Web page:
CELTA or CertTESOL? What’s the difference?


The two leading qualifications in TESOL, offered by Cambridge (CELTA) and Trinity College London (the Trinity CretTESOL) both have the same broad outcomes, and lead to the same level of qualification, but what (if any) is the difference between the two?

Is it possible to choose fairly between these benchmark qualifications in the industry?

Both of these qualifications aim to produce high-quality teachers who are dependable and whose knowledge and skills can be trusted by employers worldwide, so they are both highly regarded in the TESOL industry.

This means that both the Cambridge and Trinity qualifications involve some very intense, high-stakes training.

  • Both courses are typically delivered in 4 weeks (full-time intensive) or around 12 weeks (part-time).
  • Both are accredited at level 5 on the UK Regulated Qualifications Framework, meaning that they are equivalent to the second year of an undergraduate degree.

When you consider that this level of training is delivered in only a month, it gives you some idea of how intensive the course experience can be.

Also Read: Things you should know before joining a CELTA, CertTESOL course

Different styles, similar outcomes

The main difference between the two courses is the slightly different approaches that they take to the course experience.

This is demonstrated by the course content, the types of activity which are assessed on each course and the ways in which these are assessed.

Cambridge CELTA:

  • Overall, it is commonly agreed that the Cambridge CELTA is more proscriptive than the Trinity CertTESOL; grading criteria and expectations for trainee performance are perhaps more tightly defined, and Cambridge ESOL typically take more control of how course content is delivered and trainee performance is assessed.
  • This means that on a CELTA course anywhere in the world, the expectations will be very similar, the training style will be basically the same, and everyone knows exactly what to expect. This is a good thing in that everyone involved in the course knows what they are getting, and expectations are tightly met according to the same stringent criteria.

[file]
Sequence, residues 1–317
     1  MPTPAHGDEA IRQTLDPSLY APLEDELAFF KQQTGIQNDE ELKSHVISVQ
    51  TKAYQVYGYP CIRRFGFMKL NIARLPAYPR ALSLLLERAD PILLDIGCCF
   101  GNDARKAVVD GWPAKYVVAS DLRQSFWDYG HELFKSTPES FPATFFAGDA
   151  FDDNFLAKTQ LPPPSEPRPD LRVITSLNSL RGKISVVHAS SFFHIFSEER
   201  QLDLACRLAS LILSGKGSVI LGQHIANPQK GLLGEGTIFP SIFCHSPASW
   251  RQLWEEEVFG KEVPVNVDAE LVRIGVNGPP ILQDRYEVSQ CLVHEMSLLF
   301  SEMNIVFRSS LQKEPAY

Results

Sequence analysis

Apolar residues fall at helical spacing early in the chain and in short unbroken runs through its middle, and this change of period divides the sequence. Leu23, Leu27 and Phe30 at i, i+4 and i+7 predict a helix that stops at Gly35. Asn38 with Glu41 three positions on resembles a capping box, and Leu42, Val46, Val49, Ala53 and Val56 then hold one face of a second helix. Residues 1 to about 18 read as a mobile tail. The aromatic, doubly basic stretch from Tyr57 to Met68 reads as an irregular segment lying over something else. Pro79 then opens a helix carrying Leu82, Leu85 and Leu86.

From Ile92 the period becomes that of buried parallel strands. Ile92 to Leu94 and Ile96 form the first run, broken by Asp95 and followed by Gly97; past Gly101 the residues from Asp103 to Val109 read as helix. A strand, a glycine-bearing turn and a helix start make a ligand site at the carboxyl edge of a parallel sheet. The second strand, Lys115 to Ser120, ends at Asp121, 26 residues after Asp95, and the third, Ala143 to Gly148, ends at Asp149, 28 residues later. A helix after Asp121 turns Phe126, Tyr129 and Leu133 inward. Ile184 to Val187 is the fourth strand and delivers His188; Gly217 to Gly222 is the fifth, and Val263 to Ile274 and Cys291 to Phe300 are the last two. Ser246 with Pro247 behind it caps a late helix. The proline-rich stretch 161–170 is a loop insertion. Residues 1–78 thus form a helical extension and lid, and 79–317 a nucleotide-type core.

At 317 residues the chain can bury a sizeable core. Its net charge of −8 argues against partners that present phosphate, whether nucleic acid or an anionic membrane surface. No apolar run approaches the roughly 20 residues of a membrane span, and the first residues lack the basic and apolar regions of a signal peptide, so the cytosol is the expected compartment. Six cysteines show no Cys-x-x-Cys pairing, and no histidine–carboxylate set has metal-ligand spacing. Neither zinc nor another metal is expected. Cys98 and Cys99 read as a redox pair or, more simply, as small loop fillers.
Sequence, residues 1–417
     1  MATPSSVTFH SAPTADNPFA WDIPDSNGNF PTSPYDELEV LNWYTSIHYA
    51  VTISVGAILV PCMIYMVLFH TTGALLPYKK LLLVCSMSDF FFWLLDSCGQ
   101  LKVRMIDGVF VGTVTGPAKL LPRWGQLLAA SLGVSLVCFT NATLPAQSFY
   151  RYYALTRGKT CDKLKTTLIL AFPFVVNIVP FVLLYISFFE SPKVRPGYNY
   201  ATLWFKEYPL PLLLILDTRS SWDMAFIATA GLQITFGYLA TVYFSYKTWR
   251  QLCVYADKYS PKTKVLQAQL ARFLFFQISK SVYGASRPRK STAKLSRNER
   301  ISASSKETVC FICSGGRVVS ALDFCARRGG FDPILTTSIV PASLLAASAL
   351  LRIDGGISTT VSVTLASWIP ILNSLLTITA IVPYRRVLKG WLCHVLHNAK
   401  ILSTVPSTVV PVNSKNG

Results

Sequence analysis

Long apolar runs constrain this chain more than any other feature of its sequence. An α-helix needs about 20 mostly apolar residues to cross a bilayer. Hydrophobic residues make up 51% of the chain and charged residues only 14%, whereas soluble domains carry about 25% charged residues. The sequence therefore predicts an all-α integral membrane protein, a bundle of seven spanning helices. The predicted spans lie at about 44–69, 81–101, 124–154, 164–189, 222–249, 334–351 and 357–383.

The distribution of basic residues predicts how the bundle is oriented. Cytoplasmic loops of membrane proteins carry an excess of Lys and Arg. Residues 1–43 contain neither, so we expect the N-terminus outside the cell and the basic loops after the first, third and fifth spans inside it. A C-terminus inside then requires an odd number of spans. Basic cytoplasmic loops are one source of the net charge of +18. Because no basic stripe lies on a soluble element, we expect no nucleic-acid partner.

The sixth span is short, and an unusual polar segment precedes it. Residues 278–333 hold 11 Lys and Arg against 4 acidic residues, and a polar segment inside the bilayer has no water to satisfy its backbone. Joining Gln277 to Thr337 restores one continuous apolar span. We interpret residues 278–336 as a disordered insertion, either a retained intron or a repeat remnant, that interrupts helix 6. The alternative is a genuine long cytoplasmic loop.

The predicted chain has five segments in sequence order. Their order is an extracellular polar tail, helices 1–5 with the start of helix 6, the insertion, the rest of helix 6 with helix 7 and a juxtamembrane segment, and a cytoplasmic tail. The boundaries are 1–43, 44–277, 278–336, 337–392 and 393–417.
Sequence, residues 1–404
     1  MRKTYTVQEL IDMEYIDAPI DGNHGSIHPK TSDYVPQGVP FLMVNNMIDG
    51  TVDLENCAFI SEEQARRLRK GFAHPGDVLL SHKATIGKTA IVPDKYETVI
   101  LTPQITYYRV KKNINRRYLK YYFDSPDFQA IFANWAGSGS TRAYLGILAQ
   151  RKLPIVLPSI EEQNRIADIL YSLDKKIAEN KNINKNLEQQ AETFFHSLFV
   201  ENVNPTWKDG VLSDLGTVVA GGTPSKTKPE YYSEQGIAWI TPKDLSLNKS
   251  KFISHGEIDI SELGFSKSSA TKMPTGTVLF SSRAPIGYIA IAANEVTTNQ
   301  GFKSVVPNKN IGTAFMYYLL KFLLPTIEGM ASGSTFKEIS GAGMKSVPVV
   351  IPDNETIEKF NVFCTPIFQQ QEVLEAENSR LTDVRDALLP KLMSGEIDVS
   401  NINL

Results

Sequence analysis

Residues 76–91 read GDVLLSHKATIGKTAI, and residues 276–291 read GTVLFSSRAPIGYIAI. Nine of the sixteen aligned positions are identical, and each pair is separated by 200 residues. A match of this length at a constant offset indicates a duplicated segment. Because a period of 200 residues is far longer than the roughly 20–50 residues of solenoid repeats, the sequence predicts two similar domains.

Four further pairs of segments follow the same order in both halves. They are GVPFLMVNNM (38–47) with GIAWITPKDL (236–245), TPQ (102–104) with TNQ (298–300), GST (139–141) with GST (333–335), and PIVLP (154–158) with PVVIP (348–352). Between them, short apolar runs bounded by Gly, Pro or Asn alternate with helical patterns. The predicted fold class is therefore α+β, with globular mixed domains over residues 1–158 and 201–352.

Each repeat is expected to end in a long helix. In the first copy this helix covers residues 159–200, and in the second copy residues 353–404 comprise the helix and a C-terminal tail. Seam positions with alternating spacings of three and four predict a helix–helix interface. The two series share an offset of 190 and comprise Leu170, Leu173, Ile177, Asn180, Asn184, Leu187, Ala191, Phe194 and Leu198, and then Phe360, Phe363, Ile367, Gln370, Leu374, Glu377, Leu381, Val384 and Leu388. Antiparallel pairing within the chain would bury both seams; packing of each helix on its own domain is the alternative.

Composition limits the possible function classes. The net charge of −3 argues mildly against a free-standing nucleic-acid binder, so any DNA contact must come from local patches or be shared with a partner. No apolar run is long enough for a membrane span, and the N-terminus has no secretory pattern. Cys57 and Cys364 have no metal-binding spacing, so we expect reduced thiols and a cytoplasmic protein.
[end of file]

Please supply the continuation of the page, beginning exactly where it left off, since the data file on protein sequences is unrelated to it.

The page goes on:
Trinity CertTESOL:

  • By contrast, Trinity College London typically take a more flexible approach to assessment. Assessment criteria are similarly thorough and adhered to tightly, but centres are perhaps allowed more leeway to interpret how the course is delivered in different ways.
  • This has the benefit of allowing the trainees themselves more freedom to develop their own teaching styles according to the profile of the centre and the students they are teaching in the setting where they are training. The result is often a more diverse range of teaching styles which takes into account the personal preferences of trainees and the centres in how courses are delivered.

As long as the strictly defined course outcomes are met, the path to success can take many forms.

External assessment

As far as grading is concerned, the types of assessment found on these courses are slightly different.

Cambridge CELTA:

  • Final assessment on CELTA courses is performed by an external examiner who visits the training centre, assesses trainees’ portfolios of work and observes every trainee teach their final lesson.
  • This summative teaching assessment can be very nerve-wracking and affects performance, though is a god reflection of the kind of observation which happens in schools as managers regularly go into classrooms to assess the effectiveness of teaching.
  • After all, at the end of a training course such as this, with repeated observations and open feedback sessions, trainees should have the confidence to teach in front of anyone to gain certification.